You know, she is a very modern woman, in 1865 all the things that she does and the way that she lives are things that we recognise as people on screen, and that’s what really drew me to her. Every time I turned the page she was doing something bigger and better than the last and it’s very rare – I was 19 when I got the role – and it’s very rare that a 19 year-old unknown actress would be able to do that. She’s her own force and I couldn’t really understand why I wouldn’t want to play her

So what research went into the part?

Most of it happened when we were up there rehearsing. Obviously I read the script a hundred times, but I like to keep my work quite instinctive, if I overwork something it basically becomes nothing and I look like a sponge on screen, so I like to keep things fresh. Most of the preparation came out of wearing a corset and wearing a dress, we did a lot of rehearsal time when me and Cosmo (who plays Sebastian) would have to wrestle or fight or do any of the movement scenes which would be fine, up until I got into the corset; I just couldn’t move the same, you can’t speak the same, you can’t sit the same, you can’t walk the same, it’s all completely different. So, getting into that corset was the biggest eye opener, what it essentially does to a woman is it makes everything smaller, you are essentially imprisoned by your own clothes which was the complete point of that type of clothing. For me, I was like wow, Katherine must have hated this as much as I do. So yeah, it was really helpful.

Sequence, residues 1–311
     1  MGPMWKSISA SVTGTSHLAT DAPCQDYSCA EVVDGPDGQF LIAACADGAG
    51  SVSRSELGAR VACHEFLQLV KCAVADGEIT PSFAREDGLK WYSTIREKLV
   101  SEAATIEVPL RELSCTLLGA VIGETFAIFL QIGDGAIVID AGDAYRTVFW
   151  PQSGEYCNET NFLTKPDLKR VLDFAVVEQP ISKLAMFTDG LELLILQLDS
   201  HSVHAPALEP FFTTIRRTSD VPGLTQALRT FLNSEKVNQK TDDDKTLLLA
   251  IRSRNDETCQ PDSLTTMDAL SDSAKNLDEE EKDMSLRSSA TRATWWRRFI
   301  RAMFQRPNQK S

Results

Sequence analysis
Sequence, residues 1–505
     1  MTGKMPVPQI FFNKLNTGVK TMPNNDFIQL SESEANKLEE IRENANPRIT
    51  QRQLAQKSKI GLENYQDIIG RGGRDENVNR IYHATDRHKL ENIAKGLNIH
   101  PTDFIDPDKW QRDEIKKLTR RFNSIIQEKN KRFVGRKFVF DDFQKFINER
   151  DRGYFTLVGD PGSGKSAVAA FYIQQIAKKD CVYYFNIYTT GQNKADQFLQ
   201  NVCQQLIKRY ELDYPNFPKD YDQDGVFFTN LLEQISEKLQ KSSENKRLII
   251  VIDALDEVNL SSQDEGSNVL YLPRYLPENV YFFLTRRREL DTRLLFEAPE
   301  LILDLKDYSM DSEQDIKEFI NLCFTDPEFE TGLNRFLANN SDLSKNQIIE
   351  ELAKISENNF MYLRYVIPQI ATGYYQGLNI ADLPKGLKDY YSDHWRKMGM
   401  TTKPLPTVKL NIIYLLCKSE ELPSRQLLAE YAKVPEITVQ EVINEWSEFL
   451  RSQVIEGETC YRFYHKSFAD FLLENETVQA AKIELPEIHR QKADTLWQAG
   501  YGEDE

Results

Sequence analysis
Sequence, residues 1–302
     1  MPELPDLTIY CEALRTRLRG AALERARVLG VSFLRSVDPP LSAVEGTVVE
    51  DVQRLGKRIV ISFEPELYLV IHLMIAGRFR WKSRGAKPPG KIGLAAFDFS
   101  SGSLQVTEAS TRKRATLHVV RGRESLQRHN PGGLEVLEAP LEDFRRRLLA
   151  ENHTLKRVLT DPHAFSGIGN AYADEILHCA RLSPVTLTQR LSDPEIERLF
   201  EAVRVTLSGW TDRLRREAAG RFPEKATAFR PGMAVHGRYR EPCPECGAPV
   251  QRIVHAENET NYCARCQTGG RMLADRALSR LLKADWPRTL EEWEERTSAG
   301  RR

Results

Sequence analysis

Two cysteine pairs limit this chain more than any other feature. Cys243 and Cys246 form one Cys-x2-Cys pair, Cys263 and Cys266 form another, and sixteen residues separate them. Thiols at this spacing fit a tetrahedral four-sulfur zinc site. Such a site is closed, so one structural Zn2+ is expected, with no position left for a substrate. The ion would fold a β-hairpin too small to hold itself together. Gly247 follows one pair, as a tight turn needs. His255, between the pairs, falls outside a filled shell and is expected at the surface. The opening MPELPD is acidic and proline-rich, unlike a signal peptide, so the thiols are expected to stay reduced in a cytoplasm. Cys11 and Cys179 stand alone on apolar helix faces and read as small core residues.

You’ve been quite vocal about the corset. What was the biggest surprise you encountered?

Well, they made all of my clothes and then they made me a corset from scratch. So obviously you can only get into the dresses if you are wearing a corset and obviously, they work for the corset but not for you, so that was interesting – you can only wear your clothes if you’re tightened in, like that’s such a bizarre thing. So we were always in them when we were trying on dresses or doing fittings, when we got my corset we had to test out all the big moves to see if I could move, which evidently I couldn’t.